Wanted: Transparency

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Transparency was a frequent topic of discussion with voters during my campaign to win a seat on City Council in Cleveland Heights. If you attended this month’s special Municipal Services meeting on the Taylor Road resurfacing project, you got to witness a problem that resulted from a lack of it.
It has been about ten years since Cleveland Heights began efforts to re-design and resurface Taylor Rd., from Euclid Heights Blvd. (the south west entrance to Severance Town Center) to our north border with East Cleveland. Many people complain it is the worst road in our city. The potholes defy description, and I met many Taylor Rd. residents while campaigning who shared their stories of expensive car repairs suffered from driving on it. I also listened to their concerns about safety (only 52 inches separate pedestrians on the west sidewalk between Euclid Heights Blvd. and Mayfield Rd.), and the snowplows that push three lanes of heavy snow and ice onto residents’ yards. I have seen the winter walkers here in the roadway because our city has left it up to these homeowners to try and clear this heavy ice and snow from their sidewalk on this major thoroughfare. Not a good situation, from any perspective.
Recently, the city got funding from the state and federal government to fix the road and has signed contracts for the project to commence this coming spring. And a public forum was held. ODOT representatives were on hand to present the construction schedule and project details in the City Council Chambers, crowded with interested and concerned residents. However, it is a very different design than some residents prefer, based upon the last public forum on this project in 2002. And there is a transparency problem with this that has spurred a lawsuit Taylor Road resident files complaint with the city – The Heights against Cleveland Heights, which could possibly delay or stop this long overdue and much needed road repair.
According to published reports and detail from the lawsuit, residents were presented with multiple options for how the road should be reconstructed nine years ago. The plaintiffs contend that residents supported a design that added a minimum of ten feet from the planned road narrowing to the lawn extensions on the west side of Taylor Rd. between Euclid Heights Blvd. and Mayfield Rd., along with other improvements and enhancements to calm traffic and improve the quality of life for these residents adjacent Severance Town Center. Makes sense in a city that prides itself on protecting and preserving its neighborhoods.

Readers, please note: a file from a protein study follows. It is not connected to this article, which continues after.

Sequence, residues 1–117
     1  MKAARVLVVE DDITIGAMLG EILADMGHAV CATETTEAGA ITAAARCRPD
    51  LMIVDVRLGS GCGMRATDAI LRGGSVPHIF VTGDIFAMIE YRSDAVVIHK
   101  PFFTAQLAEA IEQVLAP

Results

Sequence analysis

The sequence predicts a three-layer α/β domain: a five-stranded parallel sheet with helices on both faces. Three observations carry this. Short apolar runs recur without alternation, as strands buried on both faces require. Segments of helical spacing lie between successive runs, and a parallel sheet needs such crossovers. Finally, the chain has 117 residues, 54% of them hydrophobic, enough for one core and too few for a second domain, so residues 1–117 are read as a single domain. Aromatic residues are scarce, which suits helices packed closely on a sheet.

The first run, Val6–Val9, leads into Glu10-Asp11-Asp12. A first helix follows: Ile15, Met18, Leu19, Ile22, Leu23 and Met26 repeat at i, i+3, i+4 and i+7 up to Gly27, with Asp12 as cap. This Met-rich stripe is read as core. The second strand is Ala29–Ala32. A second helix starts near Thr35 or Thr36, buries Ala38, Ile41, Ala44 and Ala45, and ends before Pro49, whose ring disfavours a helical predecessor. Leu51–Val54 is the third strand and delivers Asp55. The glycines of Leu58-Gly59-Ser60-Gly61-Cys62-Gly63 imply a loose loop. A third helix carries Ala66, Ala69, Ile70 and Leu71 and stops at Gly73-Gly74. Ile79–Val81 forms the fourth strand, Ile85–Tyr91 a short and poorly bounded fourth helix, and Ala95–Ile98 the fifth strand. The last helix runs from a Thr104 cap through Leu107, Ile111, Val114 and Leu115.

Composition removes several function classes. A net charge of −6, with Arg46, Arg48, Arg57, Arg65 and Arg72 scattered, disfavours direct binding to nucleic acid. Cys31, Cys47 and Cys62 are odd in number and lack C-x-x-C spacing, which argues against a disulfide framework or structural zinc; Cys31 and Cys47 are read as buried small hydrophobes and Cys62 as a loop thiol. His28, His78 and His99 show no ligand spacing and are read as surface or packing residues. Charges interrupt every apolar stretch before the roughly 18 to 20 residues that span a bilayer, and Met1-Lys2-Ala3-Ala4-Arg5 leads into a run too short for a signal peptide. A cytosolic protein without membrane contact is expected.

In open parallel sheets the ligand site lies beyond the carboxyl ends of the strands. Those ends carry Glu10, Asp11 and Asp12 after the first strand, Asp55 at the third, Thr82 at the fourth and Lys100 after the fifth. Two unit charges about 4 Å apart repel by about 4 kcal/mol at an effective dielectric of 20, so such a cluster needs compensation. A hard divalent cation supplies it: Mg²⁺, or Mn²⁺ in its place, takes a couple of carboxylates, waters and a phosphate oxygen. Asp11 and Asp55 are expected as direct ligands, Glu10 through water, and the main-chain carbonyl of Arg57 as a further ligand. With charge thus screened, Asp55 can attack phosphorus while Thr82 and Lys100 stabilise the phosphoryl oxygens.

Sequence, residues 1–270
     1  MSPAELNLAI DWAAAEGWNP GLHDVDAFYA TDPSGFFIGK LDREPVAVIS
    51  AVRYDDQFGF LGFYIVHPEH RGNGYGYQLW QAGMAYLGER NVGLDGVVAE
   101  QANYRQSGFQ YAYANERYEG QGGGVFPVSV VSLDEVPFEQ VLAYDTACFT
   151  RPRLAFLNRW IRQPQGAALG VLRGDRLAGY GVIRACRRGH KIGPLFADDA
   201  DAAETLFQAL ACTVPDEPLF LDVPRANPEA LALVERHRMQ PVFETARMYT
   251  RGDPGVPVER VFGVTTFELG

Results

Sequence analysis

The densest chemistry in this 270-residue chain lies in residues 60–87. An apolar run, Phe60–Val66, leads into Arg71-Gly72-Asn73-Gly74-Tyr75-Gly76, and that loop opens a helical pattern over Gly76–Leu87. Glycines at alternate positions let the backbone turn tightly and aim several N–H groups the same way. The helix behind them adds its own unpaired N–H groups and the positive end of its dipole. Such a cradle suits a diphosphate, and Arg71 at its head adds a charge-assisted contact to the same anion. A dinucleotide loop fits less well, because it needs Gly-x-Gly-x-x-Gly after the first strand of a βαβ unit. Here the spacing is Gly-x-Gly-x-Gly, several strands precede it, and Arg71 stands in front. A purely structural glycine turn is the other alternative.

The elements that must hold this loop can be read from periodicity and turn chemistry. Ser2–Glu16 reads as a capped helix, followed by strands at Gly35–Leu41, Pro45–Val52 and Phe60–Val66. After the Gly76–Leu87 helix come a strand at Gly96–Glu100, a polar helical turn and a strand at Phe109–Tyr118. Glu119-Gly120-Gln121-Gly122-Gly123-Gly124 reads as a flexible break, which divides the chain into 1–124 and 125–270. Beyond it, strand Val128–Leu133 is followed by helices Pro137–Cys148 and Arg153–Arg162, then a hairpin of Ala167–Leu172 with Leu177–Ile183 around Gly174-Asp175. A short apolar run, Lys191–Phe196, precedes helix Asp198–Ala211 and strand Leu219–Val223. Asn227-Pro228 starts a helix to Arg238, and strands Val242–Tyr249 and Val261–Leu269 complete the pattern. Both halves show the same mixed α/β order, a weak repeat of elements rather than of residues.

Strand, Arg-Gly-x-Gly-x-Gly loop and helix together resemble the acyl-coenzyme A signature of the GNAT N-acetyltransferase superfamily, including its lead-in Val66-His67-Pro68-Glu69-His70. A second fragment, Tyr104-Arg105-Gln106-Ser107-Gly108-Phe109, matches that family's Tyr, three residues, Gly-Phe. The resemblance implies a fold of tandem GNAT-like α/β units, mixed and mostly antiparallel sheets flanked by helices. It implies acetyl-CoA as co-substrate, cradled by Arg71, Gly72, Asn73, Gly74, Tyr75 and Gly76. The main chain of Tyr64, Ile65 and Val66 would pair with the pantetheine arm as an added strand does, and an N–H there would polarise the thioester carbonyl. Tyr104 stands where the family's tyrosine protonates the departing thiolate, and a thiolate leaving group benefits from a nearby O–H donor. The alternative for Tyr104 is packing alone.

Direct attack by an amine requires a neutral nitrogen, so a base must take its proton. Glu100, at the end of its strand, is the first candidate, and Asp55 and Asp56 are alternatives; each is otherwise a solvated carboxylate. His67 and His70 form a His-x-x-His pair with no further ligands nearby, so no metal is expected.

City Manager, Bob Downey, told this month’s forum that the city could not get funding for this ambitious project, and had to go forward with a “barebones” plan, instead. He had the engineers explain that the recovered green space from the road narrowing would all be added to the Severance side of the road, due to cost. The other hoped for amenities, like traffic islands and upscale street lighting, were also eliminated. No one would discuss why our city hadn’t held a single public hearing on this issue since the forum in 2002, under instruction from Cleveland Heights Law Director, John Gibbons, who said there could be no comments and discussion of this question, due to the litigation, which he described as a ”process issue.”
All right, then. Here are two process questions.
At what point during the past nine years did our city officials decide to scrap the reconstruction design favored by residents, and instead opt for this ”barebones” plan to secure funding for a lower cost project?
And, why didn’t anyone have the courtesy to share this news with the affected and concerned residents before contracts were signed and work schedules planned?
Surely this “process” could have benefitted from another public forum during the past nine years to share the disappointment that we were unable to secure funding for the preferred project design. Minimally, the city was required to conduct a public hearing on the environmental aspects of the project, according to the lawsuit, which never happened.
Now a judge will decide whether to allow the project to proceed. And a lot of people will be very unhappy if the project is delayed or halted. We all want better quality and safer roads to drive on, and live adjacent to. We also care deeply about our quality of life, and can appreciate the dilemma we have between “barebones” cost to repair a major roadway, and trying to improve the plight of a neighborhood that has struggled for years to withstand the negative effects of a seven lane road so close to its front doors.
Might a bit more transparency have kept us out of court? I learned long ago it is better to be upfront with people and not withhold troubling or disappointing information they deserve to know. Well informed people routinely help create better outcomes than we may get in this case.

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